It had been a difficult summer for me in terms of kayak fishing, or lack of it as the case may be. In the greater scheme of things we have had very little rainfall since the end of last winter, at the time of writing anyway. Low rivers and lakes around the country bear testament to this. I recently listened to a radio programme that detailed the fact that we have just had the coolest summer for forty eight years and while the lack of rain and high temperatures never deter an ardent kayak angler, one other feature of this summer has – the frequency of strong winds. I am well practiced now in emergency techniques but having said that, kayak angling should always be a case of “better safe than sorry” and common sense is one of the most useful tools that a kayak angler can use to keep themselves safe. So it should go without saying that if the wind is even moderately blowing then the best option for me is to stay on dry ground and anybody else should do the same.
A lot of my summer consisted of keeping an eye on weather forecasting websites, looking for breaks in the wind, hoping to get out but invariably being disappointed when it became apparent that another week would roll by with the kayak sitting dry in the garden. Despite this, there is some good trout fishing near to the house here so whenever I could not get the kayak out, I was off up to the trout lake. I did manage to get a lot of trout fishing done this year so I suppose, in all honesty, things could have been a lot worse. Still though, after spending a lot of last summer and most of this spring practicing different drills on the kayak, rigging different accessories that would make life easier on the water and finding my limits with what the craft can do, I was a little disappointed with not being able to get out as often as I would have liked to. But I suppose I should have learned by this stage, having grown up in Ireland that we can never plan anything around the weather in this country. We just have to take whatever it throws at us.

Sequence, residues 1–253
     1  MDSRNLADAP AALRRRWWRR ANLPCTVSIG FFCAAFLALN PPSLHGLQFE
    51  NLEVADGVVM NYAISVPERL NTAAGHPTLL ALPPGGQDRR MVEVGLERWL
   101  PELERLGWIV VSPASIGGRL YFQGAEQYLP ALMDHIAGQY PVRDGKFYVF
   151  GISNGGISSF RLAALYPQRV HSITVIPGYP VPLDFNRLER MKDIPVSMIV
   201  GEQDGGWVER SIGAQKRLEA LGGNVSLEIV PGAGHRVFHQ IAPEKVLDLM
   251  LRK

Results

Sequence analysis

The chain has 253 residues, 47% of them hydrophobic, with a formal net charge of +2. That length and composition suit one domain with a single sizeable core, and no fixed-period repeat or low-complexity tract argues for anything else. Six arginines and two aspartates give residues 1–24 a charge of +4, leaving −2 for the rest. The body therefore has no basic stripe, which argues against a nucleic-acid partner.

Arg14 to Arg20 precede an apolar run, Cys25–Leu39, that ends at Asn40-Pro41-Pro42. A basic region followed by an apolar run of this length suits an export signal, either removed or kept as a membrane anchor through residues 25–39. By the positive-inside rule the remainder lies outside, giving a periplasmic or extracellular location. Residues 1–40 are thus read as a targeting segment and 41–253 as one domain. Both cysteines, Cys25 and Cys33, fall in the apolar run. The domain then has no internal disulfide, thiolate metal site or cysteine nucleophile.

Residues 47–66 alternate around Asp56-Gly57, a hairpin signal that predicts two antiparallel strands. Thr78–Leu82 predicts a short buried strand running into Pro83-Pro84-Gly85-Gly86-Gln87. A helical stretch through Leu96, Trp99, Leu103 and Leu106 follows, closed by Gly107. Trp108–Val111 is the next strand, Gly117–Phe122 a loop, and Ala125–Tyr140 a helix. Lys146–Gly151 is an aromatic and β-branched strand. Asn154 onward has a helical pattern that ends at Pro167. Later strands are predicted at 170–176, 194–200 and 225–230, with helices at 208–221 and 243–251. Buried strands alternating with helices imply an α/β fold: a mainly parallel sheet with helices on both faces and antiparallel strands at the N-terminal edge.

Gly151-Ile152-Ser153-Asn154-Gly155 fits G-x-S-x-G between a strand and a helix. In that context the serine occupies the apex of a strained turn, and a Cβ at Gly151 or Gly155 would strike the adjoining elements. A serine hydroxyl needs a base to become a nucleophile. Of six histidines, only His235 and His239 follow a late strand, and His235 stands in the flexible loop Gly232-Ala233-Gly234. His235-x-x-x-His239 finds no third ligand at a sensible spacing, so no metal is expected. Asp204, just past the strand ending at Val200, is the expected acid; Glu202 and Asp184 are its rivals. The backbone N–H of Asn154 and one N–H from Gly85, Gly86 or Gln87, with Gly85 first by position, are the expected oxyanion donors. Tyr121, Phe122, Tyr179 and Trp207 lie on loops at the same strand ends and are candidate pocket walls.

Getting The Breaks
So when we hit the third week in September and a previously forecast calm period of twenty four hours I knew I had to strike. Tope fishing is usually very good along parts of the shoreline close to home, generally between the start of August and the end of September. With the forecast for the following week giving more strong winds, I knew this would probably be my final chance of the year to get a tope on the kayak. In the limited kayak fishing time I have had this summer I had already managed to get a couple of them on the kayak but each time I had left the shore without a camera and I desperately wanted to get a couple of shots of this fairly unique way of tope fishing. Besides, seeing is believing, especially in the modern age of cheap digital cameras and camera phones. I have been guilty of it myself, asking people for pictures of their catches and when they say that the camera had been left behind but they maintained that the catch was as big as they claimed I thought, “Sure it was…..” One thing is for sure – there seems to be a few less monsters being caught now that cameras in one form or another are readily available!!